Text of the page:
R | | Action, Adventure, Western
An aging group of outlaws look for one last big score as the "traditional" American West is disappearing around them.
"La Golondrina" (Spanish: "The Swallow") is sung by the Mexican villagers as the Wild Bunch leaves Angel's village. It was written in 1862 by Mexican physician Narcisco Serradell (1843-1910), who at the time was exiled to France due to the French intervention in Mexico. The Spanish lyrics use the image of a migrating swallow to evoke sentiments of longing for the homeland. It became the signature song of exiled Mexicans. However, more importantly, by the time of the Mexican Revolution "La Golondrina" (or, actually, its proper name, "Las Golondrinas") had become a song of farewell in northern Mexico and the borderlands of south Texas. It was at this time that it became a common funeral song, a tradition that continues until today.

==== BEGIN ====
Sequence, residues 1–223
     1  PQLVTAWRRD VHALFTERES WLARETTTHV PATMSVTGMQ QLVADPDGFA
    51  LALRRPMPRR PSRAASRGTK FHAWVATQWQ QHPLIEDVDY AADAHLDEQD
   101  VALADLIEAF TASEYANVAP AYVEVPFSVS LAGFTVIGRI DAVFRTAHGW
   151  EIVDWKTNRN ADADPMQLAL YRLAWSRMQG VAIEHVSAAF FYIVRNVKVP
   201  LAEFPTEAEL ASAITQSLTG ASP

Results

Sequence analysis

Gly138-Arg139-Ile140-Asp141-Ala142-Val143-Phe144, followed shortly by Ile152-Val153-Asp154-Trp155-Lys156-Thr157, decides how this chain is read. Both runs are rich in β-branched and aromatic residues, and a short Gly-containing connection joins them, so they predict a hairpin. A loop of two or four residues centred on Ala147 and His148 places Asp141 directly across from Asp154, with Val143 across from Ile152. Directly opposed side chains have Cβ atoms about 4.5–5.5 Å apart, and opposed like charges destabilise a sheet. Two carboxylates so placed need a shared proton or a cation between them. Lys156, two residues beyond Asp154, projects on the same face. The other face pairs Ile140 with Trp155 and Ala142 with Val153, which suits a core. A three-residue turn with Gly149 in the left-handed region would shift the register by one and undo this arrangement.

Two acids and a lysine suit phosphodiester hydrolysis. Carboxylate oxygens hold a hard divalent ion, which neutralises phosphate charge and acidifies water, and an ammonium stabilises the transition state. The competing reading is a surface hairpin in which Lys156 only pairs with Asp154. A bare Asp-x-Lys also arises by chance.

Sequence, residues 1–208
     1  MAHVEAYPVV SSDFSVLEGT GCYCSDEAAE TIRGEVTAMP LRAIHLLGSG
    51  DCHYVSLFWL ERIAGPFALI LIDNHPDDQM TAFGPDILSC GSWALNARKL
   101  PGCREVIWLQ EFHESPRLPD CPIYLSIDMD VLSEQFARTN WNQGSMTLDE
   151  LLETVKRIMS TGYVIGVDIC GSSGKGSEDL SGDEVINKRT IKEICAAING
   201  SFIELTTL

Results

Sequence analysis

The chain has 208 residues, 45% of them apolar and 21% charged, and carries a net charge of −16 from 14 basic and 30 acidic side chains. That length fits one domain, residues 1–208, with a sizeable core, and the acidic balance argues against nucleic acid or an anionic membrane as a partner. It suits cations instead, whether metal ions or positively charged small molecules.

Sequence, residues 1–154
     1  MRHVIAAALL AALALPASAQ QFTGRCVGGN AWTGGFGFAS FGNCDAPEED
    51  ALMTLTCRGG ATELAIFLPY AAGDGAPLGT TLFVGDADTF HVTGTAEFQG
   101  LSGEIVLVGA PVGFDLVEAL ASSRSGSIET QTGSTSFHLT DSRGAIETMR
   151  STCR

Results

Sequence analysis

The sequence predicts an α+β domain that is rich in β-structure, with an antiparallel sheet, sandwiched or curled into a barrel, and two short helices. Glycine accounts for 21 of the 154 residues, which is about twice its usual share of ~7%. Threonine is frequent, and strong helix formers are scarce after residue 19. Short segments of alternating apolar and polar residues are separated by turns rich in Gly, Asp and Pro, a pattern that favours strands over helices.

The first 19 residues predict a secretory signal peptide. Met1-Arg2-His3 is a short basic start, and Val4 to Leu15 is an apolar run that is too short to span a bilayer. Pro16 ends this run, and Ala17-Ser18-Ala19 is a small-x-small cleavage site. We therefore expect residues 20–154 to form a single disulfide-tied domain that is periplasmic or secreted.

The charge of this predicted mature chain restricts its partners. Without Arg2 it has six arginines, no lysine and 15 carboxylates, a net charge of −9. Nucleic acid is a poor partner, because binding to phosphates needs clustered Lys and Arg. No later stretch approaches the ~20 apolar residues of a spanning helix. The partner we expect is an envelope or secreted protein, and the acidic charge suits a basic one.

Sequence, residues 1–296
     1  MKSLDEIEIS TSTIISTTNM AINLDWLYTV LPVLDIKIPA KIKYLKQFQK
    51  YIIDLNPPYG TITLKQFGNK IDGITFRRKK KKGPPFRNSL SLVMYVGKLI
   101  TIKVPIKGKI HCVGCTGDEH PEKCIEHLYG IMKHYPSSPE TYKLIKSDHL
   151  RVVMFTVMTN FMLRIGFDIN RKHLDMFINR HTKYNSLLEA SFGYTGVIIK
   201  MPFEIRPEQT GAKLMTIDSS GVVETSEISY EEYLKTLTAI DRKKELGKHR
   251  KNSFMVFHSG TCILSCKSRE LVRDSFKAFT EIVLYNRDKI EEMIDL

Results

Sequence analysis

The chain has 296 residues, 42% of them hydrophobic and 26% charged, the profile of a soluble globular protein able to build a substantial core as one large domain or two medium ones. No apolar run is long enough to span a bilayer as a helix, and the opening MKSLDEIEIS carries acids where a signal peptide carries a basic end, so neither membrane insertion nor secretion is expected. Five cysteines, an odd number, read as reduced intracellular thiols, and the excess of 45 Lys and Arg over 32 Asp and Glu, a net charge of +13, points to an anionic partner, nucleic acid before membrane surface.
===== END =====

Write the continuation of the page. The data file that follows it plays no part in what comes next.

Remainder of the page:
Do not drink wine or strong drink, thou, nor thy sons with thee, least ye shall die. Look not though upon the wine when it is red, and when it bringeth his color in the cup, when it moveth itself aright at the last, it biteth like a serpent and ...
When Lyle and Tector are shooting at the wine casks, the slide on Lyle's gun is locked indicating the gun is empty. However, shots are still heard. In the 1995 re-release version this has been corrected. Only one shot is heard after the slide locks on Lyle's .45, and that shot comes from Tector's revolver.
The cinema version was cut by around 10 secs for an 'X' rating by the BBFC to shorten the climactic machine gun shootings and Angel being dragged behind the car. All later releases were restored and uncut.
English, Spanish, German